Starting Nov. 1, truckers will pay more to fill up in California. The state's legislature passed legislation late last week to hike the excise tax on diesel fuel by 20 cents a gallon over the next 10 years to help fund a $52 billion infrastructure improvement program.

The measure, expected to be signed into law by Gov. Jerry Brown sometime this week, will increase diesel taxes to 36 cents a gallon over the 10-year period. It also increases the state sales tax on diesel from 9 percent to 13 percent. In return, the legislature has agreed to ease future greenhouse gas regulations on commercial trucks to help truckers adjust to the new tax rates on diesel, according to a report from station KCRA.

The higher diesel excise and sales tax rates are expected to generate $10.8 billion in revenue over the next 10 years. About $24.4 billion will be generated by a 12-cent gasoline tax increase, with another $16.3 billion coming from an annual vehicle fee of between $25 and $175, depending on the vehicle's value.

At more than $2.93 a gallon, California has the highest diesel fuel prices in the country, according to the most recent data compiled by the U.S. Department of Energy's Energy Information Administration. It has the country's seventh-highest diesel taxes after state, local, and federal levies are combined, according to the American Petroleum Institute (API).

Shawn Yadon, CEO of the California Trucking Association, applauded the measure, calling it a "win for all Californians, including the trucking industry, which has been significantly impacted by our deteriorating roads and infrastructure." Yadon said the funding options "will give our state a prudent and reliable revenue source to fix our roads and keep goods moving in and through California." The legislation is the latest, and perhaps the most dramatic, example of states taking the lead to boost fuel taxes to fund infrastructure improvements. By contrast, federal levies on gasoline and diesel—the latter tax stands at 24.4 cents per gallon—have not been raised since 1993, and are believed to have lost about 40 percent of their purchasing power due to inflation. The result is that the Highway Trust Fund, which funds road projects and is almost entirely financed by motor fuels taxes, consistently runs a deficit, and must rely on capital transfers from the general treasury to remain solvent.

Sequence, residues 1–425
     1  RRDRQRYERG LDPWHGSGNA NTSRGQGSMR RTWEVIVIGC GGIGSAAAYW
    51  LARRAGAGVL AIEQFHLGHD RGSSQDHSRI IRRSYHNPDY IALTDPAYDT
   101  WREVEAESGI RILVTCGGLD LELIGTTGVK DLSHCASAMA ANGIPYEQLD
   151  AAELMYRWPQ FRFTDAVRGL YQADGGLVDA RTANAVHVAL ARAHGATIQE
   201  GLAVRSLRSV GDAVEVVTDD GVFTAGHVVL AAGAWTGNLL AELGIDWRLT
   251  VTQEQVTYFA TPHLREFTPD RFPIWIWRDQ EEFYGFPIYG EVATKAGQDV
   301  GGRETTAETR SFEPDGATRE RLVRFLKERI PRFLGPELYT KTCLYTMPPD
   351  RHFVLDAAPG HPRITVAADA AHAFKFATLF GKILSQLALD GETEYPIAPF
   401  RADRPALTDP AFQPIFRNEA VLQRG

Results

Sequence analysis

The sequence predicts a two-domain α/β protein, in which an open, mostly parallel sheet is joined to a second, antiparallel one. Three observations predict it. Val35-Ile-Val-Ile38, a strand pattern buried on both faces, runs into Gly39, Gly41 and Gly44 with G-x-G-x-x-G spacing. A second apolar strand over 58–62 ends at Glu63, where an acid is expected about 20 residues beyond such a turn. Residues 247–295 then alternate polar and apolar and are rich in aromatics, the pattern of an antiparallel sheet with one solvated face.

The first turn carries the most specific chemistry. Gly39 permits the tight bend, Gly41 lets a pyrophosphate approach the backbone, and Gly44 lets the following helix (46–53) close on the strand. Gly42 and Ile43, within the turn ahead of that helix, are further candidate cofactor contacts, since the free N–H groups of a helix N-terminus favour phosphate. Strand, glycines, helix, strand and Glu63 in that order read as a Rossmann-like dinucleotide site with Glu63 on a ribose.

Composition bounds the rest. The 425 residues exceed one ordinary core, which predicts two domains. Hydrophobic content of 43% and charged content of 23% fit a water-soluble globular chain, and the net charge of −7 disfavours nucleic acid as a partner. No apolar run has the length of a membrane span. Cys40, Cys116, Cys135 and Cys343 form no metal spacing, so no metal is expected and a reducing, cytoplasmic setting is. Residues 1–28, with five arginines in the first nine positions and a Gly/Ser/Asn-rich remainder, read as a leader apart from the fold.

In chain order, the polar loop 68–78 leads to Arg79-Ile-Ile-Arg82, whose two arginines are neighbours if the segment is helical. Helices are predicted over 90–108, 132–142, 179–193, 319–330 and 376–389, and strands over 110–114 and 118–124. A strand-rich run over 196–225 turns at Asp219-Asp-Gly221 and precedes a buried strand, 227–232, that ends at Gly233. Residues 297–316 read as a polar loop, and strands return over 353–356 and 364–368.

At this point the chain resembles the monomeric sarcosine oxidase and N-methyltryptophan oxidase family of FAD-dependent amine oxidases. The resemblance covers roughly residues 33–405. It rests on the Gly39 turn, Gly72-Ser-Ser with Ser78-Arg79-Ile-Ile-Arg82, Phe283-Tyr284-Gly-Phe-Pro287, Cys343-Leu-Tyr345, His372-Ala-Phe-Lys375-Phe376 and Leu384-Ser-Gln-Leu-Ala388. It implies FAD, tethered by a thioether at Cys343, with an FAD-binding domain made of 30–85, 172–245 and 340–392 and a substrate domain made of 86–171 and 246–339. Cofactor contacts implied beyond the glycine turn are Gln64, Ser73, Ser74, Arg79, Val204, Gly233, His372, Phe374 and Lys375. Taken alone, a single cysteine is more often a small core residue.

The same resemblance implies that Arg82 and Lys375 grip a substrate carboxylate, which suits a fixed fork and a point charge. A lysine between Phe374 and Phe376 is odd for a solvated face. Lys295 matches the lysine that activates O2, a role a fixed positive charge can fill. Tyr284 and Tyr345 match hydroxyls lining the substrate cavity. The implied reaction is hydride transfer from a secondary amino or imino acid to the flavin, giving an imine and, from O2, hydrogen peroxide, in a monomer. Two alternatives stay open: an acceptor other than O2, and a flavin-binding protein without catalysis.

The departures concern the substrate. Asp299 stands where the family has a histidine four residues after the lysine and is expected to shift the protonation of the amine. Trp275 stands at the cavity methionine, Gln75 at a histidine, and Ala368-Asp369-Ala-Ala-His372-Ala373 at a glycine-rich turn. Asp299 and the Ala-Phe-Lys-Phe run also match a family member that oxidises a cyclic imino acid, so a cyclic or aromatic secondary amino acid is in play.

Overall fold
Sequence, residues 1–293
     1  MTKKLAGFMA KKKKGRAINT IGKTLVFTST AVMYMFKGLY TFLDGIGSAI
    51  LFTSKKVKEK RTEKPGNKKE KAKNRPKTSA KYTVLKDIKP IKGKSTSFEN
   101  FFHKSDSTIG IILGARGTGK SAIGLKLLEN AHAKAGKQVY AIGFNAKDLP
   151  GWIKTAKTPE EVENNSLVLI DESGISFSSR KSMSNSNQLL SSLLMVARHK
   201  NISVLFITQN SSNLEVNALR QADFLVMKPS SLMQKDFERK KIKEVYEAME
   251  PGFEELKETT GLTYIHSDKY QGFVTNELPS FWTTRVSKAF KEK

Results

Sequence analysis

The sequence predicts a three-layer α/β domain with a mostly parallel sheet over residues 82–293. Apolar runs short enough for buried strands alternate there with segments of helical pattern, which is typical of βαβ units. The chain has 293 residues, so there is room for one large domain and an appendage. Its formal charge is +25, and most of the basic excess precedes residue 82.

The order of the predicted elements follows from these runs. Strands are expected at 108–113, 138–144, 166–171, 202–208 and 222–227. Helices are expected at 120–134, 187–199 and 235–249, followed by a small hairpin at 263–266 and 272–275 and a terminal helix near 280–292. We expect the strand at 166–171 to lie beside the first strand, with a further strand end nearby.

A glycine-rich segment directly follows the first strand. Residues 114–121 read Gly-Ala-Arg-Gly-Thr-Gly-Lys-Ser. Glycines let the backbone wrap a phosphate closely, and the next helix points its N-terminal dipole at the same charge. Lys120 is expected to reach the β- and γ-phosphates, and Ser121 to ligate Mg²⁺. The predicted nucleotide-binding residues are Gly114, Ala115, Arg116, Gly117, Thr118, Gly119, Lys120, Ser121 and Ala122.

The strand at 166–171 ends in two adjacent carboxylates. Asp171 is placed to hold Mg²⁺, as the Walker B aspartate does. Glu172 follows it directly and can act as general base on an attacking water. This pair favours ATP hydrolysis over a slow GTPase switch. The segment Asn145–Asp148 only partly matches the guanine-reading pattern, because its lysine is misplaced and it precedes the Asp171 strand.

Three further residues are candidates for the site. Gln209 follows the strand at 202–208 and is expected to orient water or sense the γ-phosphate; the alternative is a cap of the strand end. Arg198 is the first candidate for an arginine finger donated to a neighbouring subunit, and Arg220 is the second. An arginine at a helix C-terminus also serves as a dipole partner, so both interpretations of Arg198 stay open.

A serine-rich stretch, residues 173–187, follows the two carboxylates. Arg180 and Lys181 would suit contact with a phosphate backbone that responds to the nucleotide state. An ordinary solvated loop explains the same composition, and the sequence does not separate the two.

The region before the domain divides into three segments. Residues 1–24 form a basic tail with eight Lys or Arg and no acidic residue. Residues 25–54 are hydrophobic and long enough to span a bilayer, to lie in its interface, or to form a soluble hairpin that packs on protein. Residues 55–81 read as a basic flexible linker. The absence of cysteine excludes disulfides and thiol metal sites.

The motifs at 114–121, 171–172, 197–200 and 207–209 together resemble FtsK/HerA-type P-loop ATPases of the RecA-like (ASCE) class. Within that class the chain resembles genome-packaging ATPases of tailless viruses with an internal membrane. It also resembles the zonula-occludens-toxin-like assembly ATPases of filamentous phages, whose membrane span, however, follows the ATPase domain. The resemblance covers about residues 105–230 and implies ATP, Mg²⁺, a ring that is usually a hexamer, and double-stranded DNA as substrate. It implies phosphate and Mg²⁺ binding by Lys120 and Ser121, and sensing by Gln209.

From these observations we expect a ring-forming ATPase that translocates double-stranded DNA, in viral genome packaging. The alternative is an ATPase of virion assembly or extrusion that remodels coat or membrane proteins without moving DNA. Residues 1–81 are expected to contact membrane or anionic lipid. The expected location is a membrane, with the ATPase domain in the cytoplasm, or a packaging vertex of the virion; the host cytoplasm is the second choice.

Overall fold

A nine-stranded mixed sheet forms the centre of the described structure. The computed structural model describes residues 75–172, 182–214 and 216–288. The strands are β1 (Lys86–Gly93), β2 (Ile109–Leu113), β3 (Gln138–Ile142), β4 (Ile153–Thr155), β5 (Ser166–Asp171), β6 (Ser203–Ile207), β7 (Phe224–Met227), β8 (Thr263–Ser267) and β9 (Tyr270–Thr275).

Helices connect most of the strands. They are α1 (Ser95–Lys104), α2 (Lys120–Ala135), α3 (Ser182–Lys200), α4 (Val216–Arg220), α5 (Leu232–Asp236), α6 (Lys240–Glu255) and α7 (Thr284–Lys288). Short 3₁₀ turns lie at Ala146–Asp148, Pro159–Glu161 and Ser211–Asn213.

Until California's action, the most drastic step has come from New Jersey, another state with heavy trucking activity. Gov. Chris Christie in October signed legislation to increase diesel taxes by 16 cents a gallon effective Jan. 1, which would bring the total tax to 27 cents a gallon. A second increase, to take effect July 1, will be based on 12.5 percent of the per-gallon diesel price, before taxes.

Despite calls from shippers, carriers, and others for what they contend is a long-overdue hike in the federal levy, no one expects the Trump administration or a Republican Congress, both with an aversion to any tax increases, to push such an initiative. Robert Poole, Searle Freedom Trust transportation fellow and director of transportation policy at the Reason Foundation, a Libertarian public policy group, doesn't think the California measure will have any influence at the federal level.

Poole noted that the vote in the California legislature was highly partisan, with most Democrats supporting the proposal and virtually all Republicans opposed. Poole said that Brown, a Democrat, had to agree to $1 billion in "sweeteners" to a handful of Democrats and one Republican in order to achieve the two-thirds majority needed to pass the bill. A similar scenario does not exist in Congress, he said.


April 12, 2017